Gov. Earl Ray Tomblin announced on June 18 a state partnership with Pew Charitable Trusts.
The partnership allows the state to receive a comprehensive review of West Virginia’s juvenile justice system.
“As we continue to put emphasis on reforming West Virginian’s justice system, we must also move toward a more effective approach for juveniles,” Tomblin said. “One that embraces community-based treatment and tells our children we care about them and their future.”
Tomblin is also looking at establishing the West Virginia Intergovernmental Task Force on Juvenile Justice and Child Welfare.
The task force is set to bring together a cooperation of leaders from all branches of government to review date trends, evaluate the use of evidence-based program in the state, develop specific, tailored recommendations for improvements and implement a common-sense approach to the juvenile justice system, according to the governor’s office.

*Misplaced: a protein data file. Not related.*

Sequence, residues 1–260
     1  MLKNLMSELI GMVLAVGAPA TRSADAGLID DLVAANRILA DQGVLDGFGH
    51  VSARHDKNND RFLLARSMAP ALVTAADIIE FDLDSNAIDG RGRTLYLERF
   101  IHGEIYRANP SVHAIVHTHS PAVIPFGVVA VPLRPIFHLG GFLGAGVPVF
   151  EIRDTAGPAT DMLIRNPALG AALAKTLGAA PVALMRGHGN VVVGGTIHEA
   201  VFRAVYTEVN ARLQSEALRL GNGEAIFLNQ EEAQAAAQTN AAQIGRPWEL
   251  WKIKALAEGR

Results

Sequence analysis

Senate Majority Leader John Unger, D-Berkeley, said legislators are looking at how to prevent juveniles from going into the system.
Unger said committees are also addressing, once a juvenile is in the system, how to train them so when they are released they can be assisted to gain employment rather than get into trouble as an adult.
“I’ve been working with the PEW on doing something in addition to that called Results First in directing our budget to getting results,” Unger said. “Hopefully, it can put us as one of the leading states in juvenile justice reform in the country.”
Unger said several violent situations at juvenile detention centers have occurred, and facilities have to be built differently than adult correctional centers.
“It shows we need to be moving further down the road in reform here in the state,” Unger added. “We’ve been doing that.”?